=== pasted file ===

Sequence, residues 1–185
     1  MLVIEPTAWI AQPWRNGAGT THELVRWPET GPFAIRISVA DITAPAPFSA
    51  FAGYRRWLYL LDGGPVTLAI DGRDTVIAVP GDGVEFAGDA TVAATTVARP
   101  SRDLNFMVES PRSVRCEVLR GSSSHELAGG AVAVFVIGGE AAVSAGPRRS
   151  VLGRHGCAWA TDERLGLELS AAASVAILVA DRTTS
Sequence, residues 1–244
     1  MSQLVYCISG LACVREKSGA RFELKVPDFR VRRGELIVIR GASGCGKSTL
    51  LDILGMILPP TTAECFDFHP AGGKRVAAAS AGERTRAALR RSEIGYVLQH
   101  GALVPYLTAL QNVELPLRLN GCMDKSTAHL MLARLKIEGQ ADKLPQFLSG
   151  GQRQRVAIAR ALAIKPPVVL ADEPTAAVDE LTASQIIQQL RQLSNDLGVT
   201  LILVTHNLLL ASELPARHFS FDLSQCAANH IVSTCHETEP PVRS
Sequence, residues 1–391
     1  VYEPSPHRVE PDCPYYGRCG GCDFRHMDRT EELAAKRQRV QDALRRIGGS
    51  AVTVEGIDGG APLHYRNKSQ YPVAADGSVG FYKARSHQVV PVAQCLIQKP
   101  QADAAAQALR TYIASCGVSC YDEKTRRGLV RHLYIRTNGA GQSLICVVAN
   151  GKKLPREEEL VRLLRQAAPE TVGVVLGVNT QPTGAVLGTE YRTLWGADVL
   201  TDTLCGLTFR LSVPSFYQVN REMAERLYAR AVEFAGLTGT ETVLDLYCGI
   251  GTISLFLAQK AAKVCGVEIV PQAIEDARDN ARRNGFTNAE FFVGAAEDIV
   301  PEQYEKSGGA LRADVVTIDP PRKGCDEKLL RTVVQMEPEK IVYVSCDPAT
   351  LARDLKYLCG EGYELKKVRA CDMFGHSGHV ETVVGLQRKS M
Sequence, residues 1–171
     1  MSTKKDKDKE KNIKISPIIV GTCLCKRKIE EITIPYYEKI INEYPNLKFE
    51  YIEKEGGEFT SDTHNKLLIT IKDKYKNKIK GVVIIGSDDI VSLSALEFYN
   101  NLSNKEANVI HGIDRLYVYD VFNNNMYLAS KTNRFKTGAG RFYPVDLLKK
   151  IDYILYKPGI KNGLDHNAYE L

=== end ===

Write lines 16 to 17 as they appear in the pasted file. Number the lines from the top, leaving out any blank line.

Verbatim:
   151  GKKLPREEEL VRLLRQAAPE TVGVVLGVNT QPTGAVLGTE YRTLWGADVL
   201  TDTLCGLTFR LSVPSFYQVN REMAERLYAR AVEFAGLTGT ETVLDLYCGI